What a company must legally do today if they intend to mine an asteroid is:
a) Be based in either the US or Luxembourg, the only two countries with asteroid mining laws.
b) Obtain the proper licenses for launching and operating space vehicles.
c) Pray there is no international outcry regarding their mining activities.
A country cannot own an asteroid, according to Article II of the Outer Space Treaty: Outer space, including the Moon and other celestial bodies, is not subject to national appropriation by claim of sovereignty, by means of use or occupation, or by any other means.
The debate right now is whether a government can grant ownership of mined materials to one of its companies given that the government cannot own the asteroid where these materials were mined from. Those is favour of asteroid (and generally Space) mining argue that Space should be like the high seas: Nobody owns them, but there are international agreements that allow companies to fish there, and own whatever fish they pull out, thus giving them the right to profit from the high seas without an implied ownership.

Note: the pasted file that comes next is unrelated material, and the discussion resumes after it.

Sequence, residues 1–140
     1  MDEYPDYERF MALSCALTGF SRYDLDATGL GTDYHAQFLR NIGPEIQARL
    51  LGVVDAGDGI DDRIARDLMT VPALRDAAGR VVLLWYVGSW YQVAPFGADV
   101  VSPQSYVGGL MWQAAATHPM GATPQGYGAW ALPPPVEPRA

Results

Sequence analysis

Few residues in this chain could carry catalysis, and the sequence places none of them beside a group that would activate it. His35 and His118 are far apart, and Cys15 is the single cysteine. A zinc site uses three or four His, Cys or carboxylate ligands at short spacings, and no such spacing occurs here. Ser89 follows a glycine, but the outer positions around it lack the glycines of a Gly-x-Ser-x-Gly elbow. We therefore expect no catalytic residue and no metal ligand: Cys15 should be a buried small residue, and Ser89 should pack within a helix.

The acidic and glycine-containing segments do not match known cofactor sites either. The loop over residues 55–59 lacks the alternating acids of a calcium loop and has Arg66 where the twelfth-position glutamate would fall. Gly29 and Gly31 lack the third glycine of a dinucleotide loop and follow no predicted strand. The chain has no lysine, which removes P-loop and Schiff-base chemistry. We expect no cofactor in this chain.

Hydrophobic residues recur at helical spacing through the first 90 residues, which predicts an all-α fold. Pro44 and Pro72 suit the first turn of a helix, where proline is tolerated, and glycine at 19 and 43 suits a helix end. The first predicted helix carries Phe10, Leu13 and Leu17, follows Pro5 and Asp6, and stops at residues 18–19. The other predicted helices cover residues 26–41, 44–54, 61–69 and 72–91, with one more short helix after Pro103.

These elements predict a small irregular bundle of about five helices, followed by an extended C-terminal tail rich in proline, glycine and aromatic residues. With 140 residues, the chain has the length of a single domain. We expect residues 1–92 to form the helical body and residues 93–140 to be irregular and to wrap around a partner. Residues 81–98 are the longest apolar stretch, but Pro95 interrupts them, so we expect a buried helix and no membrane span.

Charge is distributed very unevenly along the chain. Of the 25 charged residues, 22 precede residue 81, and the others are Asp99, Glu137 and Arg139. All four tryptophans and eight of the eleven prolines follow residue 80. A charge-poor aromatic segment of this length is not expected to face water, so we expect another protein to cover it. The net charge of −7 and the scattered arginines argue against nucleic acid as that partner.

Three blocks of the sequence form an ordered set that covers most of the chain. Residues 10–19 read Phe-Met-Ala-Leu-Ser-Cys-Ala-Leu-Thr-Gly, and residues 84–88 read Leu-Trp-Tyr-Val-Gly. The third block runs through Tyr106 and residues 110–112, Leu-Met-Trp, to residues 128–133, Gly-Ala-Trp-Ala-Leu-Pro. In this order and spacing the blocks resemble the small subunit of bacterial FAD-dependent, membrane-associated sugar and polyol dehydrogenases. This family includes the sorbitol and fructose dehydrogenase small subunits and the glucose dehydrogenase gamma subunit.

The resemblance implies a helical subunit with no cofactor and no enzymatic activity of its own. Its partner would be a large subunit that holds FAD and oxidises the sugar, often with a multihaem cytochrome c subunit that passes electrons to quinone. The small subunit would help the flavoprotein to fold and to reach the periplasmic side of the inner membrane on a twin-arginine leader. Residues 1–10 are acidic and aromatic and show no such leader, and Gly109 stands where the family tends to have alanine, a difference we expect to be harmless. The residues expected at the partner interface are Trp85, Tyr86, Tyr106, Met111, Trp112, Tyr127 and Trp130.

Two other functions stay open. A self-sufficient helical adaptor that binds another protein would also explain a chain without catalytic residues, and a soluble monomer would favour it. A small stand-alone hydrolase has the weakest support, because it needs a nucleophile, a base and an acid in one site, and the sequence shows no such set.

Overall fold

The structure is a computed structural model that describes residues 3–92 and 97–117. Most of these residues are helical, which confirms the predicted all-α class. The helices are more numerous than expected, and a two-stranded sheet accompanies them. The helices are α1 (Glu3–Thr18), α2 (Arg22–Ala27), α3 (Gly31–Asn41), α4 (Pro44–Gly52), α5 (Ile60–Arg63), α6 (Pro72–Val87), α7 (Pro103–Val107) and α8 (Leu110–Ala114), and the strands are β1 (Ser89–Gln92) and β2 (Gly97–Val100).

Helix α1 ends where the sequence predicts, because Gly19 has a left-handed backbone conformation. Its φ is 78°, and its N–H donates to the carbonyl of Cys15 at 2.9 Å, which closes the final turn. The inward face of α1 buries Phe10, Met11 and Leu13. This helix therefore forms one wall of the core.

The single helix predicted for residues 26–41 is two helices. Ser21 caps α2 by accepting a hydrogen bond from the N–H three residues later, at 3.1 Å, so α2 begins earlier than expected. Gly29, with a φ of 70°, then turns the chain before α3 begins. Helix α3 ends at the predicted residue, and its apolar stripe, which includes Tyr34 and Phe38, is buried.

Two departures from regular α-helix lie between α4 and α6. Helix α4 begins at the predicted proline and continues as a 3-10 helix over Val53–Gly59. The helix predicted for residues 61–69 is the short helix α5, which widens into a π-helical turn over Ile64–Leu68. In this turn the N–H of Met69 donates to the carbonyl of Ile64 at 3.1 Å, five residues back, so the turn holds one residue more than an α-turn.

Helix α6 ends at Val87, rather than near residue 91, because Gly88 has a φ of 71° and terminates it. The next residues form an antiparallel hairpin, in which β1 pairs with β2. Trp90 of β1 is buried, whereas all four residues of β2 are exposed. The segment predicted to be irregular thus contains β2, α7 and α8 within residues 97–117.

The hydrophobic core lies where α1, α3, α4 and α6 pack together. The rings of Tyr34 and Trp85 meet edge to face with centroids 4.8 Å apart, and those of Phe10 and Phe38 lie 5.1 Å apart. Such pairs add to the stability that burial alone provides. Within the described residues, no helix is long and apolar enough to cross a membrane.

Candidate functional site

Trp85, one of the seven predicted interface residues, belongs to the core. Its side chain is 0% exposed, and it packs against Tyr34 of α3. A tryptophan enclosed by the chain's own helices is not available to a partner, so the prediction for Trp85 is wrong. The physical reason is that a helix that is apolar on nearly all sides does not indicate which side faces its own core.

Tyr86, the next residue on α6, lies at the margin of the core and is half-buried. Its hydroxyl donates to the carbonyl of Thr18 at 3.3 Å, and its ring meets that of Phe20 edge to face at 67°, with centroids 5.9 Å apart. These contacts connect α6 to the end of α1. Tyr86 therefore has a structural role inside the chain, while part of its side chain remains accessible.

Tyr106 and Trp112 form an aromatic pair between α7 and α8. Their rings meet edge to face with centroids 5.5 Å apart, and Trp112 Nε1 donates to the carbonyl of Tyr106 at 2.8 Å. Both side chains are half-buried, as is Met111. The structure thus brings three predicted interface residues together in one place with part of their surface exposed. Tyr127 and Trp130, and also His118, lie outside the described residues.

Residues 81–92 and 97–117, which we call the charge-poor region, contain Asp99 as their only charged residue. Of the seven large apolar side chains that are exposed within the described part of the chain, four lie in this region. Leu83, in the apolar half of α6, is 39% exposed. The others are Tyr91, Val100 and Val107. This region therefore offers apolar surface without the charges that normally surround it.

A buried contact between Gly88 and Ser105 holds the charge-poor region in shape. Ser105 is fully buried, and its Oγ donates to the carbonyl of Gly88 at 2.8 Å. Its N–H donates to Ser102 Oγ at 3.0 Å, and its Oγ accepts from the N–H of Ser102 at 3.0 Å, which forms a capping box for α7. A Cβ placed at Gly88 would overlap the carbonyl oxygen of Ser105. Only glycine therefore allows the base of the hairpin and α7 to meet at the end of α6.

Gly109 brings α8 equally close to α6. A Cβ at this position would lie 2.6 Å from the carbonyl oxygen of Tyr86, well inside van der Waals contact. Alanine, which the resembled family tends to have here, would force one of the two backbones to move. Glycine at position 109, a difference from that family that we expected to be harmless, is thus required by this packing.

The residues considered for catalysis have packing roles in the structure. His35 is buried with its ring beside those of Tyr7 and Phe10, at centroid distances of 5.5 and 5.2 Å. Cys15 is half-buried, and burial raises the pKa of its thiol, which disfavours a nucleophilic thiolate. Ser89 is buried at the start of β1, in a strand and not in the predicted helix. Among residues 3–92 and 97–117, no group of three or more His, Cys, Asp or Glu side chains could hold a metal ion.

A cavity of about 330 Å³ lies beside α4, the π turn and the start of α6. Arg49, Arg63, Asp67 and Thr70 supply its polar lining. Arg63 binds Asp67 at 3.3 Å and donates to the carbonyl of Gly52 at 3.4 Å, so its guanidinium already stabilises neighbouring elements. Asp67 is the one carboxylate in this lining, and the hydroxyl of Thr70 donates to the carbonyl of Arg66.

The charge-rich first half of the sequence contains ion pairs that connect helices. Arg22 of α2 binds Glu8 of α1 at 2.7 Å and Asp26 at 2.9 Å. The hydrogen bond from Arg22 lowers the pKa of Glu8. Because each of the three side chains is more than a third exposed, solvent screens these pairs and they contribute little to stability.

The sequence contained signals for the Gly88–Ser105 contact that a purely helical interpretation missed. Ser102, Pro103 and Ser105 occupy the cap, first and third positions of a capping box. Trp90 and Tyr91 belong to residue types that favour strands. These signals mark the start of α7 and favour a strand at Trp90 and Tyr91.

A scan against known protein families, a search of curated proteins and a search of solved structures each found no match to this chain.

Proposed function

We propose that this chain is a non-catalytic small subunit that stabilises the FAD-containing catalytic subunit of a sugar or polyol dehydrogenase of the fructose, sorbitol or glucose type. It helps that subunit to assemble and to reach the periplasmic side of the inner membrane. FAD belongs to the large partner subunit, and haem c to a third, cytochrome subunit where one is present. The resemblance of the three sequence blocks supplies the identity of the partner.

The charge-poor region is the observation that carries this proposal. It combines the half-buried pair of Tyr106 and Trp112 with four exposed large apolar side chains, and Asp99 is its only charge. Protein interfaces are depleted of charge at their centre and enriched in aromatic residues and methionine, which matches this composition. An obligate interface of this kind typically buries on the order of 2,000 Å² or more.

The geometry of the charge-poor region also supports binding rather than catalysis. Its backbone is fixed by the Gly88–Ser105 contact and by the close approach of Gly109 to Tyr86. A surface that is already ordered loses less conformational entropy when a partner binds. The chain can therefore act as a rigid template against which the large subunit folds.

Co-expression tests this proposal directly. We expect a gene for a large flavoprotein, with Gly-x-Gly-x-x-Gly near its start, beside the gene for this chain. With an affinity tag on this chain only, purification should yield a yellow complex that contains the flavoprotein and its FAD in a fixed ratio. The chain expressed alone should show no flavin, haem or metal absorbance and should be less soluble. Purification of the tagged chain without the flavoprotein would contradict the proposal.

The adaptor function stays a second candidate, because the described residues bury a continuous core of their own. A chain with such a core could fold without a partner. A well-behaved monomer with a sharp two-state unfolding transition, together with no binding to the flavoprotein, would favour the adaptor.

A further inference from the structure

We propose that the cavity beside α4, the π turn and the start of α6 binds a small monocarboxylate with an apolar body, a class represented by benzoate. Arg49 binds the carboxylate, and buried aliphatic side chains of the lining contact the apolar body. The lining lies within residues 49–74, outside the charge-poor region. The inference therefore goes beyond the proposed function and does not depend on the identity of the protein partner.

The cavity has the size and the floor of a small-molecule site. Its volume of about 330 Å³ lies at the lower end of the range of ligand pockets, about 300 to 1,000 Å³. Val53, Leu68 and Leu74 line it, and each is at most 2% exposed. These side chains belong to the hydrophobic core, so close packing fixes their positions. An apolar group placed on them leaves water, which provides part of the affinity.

It's entirely possible that this issue won't be resolved until a company actually goes out and mines an asteroid, and then the international community will have to decide whether they're OK with that company owning the material they harvested. The company's lawyers, and probably the company's government, will point to the 1958 Convention on the High Seas (since superseded and updated) and say "it's the same thing as fishing in the high seas!".
You might want to read another answer I give to a similar question: